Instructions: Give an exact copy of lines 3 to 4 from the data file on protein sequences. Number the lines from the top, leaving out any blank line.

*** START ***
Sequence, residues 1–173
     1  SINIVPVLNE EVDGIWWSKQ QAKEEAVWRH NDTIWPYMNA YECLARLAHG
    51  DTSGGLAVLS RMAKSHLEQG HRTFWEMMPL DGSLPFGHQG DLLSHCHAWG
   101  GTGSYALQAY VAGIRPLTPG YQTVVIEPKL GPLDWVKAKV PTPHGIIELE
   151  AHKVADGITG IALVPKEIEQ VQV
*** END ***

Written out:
    51  DTSGGLAVLS RMAKSHLEQG HRTFWEMMPL DGSLPFGHQG DLLSHCHAWG
   101  GTGSYALQAY VAGIRPLTPG YQTVVIEPKL GPLDWVKAKV PTPHGIIELE